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Mitochondria are present in all vascular cell types, where they play important roles regulating tissue repair, apoptosis, and a variety of physiological and pathological processes. As shown in Figure 5, in cardiomyocytes, excessive accumulation of mitochondrial ROS, impaired MQC and mitochondrial Ca2+ overload can lead to vascular injury [111]. However, different from mitochondria in cardiomyocytes, where there is high energy demand, the content of mitochondria in vascular endothelial cells accounts for only 2%-6% of the cytoplasmic volume, and their main function is to transmit the cells' responses to environmental signals [112]. In the pathogenesis of ICM, vascular endothelial dysfunction is closely related to mitochondrial structural and functional dysfunction. MQC is involved in the occurrence and development of vascular aging, arteriosclerosis and arterial fibrosis [112]. These processes interact with metabolism and energy demand in endothelial cells.

Activation of mitochondrial fission mediated by Drp1 and excessive production ROS in endothelial cells cause oxidative stress and endothelial dysfunction [113, 114]. With activation of Drp1 and excessive mitochondrial production of ROS, the level of mitochondrial fragmentation is increased. However, Drp1 knockdown using targeted siRNA or treatment with a mitochondrial fission inhibitor improves endothelial cell function, enables mitochondrial structure and redox balance to be maintained, and improves endothelial cell activity [115]. This makes regulation of mitochondrial fusion/fission key to the maintenance of endothelial cell function. Similar findings were also made in the vascular endothelium of spontaneously hypertensive rats, the thoracic aortas of which exhibit increased medial thickness and elevated expression of IL-6/TNF-α and Drp1. After administration of Mdivi‑1, however, inhibition of excessive mitochondrial fission reduces inflammatory responses and protects the vascular endothelium [116].

Selective mitophagy can reverse endothelial-dependent relaxation dysfunction that increases arterial stiffness in aging blood vessels by altering the total redox state of the vessels through inhibition the ROS production. Mitophagy inhibition exacerbates the vascular injury caused by oxidative stress, and interaction of fibrosis with mitochondrial fission inhibition is a key factor leading to vascular remodeling [117]. Protective mitophagy can delay the progression of vascular calcification, while lactate can induce expression of NR4A1 and activation of DNA-PKCs/p53. Inducing Drp1 to migrate to mitochondria in human aortic smooth muscle cells increases mitochondrial fission and fragmentation, inhibits BNIP3-mediated mitophagy, disrupts mitochondrial energy metabolism, and leads to abnormal opening of mPTPs and loss of mitochondrial membrane potential. These effects promote apoptosis among aortic smooth muscle cells and accelerates the Ca2+ deposition and vascular calcification. We also observed that in WT mouse endothelial cells, NR4A1 activates CK2α, promotes Mff phosphorylation, and enhances translocation of Drp1 to mitochondria, leading to excessive mitochondrial cleavage and disruption of mitochondrial structure and function and, ultimately, accumulation of damaged mitochondria and apoptosis. Deleting NR4A1 reverses these effects, enabling stable mitochondrial structure and function to be maintained and protecting against acute microvascular injury, which enabled vascular function and endothelial cell activity to be maintained [118]. These findings further confirm the important protective regulatory roles of MSQ, mitochondrial fusion/fission, mitophagy and mitochondrial biogenesis in vascular endothelial cells.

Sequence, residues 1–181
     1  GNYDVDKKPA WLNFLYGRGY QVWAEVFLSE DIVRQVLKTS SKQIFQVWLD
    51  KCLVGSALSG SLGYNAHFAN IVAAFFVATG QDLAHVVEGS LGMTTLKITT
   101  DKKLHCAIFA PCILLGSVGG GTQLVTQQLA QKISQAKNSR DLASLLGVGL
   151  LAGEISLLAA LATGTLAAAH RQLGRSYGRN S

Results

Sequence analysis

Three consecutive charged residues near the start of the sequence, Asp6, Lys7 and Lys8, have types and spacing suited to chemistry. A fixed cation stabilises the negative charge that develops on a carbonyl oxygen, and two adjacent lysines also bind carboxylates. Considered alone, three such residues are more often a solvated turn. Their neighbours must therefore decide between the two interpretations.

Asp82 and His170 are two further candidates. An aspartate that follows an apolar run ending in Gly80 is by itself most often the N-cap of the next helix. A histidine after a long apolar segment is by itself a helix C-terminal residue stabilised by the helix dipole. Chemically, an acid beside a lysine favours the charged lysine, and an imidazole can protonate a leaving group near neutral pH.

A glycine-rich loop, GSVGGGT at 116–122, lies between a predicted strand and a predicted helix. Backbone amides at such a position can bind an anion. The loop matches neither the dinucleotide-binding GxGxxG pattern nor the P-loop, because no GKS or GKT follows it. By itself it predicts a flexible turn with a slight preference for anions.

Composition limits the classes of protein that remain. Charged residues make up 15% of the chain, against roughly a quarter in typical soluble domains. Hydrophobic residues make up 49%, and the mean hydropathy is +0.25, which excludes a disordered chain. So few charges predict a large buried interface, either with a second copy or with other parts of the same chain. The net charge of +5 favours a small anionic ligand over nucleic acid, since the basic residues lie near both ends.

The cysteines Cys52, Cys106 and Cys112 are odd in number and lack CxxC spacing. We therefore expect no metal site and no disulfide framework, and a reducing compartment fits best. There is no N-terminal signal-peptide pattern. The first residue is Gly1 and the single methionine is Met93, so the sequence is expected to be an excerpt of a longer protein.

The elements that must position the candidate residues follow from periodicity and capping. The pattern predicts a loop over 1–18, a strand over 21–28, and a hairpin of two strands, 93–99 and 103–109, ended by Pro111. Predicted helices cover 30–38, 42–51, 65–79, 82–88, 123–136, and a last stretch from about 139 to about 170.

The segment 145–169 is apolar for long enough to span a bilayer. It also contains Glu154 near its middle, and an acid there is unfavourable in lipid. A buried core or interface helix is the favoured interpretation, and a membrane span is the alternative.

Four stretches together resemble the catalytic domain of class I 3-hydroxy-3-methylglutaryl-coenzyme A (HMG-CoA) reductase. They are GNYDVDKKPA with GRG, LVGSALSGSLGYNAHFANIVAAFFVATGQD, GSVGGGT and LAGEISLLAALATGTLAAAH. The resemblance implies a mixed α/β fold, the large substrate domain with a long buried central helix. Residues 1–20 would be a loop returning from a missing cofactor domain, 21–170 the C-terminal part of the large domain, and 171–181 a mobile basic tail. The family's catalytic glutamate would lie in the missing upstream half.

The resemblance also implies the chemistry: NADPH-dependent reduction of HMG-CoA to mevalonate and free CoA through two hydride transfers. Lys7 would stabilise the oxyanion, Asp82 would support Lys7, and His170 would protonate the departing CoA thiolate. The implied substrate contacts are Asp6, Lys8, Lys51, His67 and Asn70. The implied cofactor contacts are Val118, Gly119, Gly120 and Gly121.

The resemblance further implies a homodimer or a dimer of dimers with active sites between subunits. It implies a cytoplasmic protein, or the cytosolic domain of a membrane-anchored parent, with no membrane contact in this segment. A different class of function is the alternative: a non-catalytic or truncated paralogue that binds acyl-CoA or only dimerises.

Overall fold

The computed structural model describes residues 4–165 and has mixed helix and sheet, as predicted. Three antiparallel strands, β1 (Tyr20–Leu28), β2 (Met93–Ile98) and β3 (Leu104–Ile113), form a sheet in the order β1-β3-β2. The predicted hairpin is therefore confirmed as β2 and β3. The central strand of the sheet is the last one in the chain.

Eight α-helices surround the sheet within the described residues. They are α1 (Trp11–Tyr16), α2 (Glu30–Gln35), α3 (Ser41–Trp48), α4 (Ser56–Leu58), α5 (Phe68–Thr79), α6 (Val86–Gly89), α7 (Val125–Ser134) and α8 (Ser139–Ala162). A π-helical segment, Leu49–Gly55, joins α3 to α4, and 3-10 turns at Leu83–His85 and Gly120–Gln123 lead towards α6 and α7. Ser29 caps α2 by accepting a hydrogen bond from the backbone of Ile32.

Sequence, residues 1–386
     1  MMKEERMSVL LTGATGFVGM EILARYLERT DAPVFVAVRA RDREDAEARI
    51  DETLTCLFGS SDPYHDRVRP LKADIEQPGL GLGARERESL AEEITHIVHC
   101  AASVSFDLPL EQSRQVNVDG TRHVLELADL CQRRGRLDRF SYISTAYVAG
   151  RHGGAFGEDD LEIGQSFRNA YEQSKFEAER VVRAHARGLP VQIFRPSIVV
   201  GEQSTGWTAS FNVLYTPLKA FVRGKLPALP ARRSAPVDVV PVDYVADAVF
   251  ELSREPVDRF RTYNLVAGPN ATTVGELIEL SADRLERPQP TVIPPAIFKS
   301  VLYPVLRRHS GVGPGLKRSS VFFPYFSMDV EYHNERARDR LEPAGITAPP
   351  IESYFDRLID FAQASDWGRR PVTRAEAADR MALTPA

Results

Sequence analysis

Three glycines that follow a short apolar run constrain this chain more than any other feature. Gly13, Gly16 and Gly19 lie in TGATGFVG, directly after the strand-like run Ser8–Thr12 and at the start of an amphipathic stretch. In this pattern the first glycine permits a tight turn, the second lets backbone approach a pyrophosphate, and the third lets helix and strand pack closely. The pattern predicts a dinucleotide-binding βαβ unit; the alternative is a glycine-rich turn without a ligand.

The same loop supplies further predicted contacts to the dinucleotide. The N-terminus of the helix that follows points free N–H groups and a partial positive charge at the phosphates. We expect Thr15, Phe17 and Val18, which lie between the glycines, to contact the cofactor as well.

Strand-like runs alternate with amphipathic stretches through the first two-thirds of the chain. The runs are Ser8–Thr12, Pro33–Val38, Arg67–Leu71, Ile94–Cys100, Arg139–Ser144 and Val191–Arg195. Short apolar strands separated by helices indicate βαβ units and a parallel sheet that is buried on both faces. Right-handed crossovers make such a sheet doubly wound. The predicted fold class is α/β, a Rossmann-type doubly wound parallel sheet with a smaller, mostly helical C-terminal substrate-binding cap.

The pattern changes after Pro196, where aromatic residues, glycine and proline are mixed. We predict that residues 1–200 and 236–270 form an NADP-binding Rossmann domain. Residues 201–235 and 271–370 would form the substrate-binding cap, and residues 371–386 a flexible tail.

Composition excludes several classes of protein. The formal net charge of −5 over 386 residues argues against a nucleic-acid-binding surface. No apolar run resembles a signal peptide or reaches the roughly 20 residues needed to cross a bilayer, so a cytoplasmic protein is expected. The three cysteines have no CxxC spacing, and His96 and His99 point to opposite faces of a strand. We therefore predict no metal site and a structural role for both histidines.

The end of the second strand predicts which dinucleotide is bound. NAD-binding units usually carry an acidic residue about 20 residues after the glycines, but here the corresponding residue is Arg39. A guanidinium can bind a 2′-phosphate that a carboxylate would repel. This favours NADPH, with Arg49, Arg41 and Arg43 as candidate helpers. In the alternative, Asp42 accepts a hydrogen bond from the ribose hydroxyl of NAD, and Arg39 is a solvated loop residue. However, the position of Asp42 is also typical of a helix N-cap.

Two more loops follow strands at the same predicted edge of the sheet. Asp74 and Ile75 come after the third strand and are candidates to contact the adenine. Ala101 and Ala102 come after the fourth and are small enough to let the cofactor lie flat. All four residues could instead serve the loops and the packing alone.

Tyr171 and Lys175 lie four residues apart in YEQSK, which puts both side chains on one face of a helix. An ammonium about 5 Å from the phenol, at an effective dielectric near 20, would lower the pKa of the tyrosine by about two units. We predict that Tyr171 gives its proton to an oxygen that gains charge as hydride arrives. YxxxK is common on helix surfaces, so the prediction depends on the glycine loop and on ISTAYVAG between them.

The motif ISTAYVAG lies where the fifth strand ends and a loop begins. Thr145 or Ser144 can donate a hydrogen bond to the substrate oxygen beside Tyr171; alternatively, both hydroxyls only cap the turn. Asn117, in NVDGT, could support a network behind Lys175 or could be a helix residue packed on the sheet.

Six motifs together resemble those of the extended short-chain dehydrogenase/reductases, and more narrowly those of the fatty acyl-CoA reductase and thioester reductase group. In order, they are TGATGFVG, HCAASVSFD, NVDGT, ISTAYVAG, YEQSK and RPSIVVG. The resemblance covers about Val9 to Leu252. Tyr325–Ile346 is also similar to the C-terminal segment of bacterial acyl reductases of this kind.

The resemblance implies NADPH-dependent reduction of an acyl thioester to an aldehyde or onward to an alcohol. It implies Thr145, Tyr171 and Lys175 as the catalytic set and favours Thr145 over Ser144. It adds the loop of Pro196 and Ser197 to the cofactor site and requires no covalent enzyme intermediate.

MQC in cardiac microvascular endothelial cell regeneration, proliferation, mobilization and paracrine function

The cardiac microvasculature is composed of coronary arteries with diameters ranging from 100-400 μm and capillaries with diameters less than 10 μm [119]. Unlike the main coronary blood vessels in the heart, coronary microvessels cannot be examined with coronary angiography. However, because microvessels account for 95% of the coronary circulation, and microvascular damage or disorder cannot be detected by early coronary angiography, coronary microvascular disease is clinically regarded as an “underwater iceberg” and a non-negligible contributor to the pathogenesis of ICM [120]. The primary function of the cardiac microvascular system is to distribute blood flow and play an important auxiliary role in regulating blood circulation. As the end of coronary efferent circulation, coronary microvessels can directly affect myocardial perfusion. Indeed, the impact of coronary microvascular dysfunction on myocardial ischemia is now receiving clinical attention [119], as coronary microvascular disorders cannot be resolved through percutaneous coronary intervention (PCI) or coronary artery bypass graft, and there are no drugs that specifically target coronary microvascular ischemia or dysfunction. When patients experience persistent chest pains or other ischemic symptoms without obvious coronary atherosclerosis or continue to show slow blood flow after PCI, these symptoms are currently believed to be related to coronary microvascular disease [121].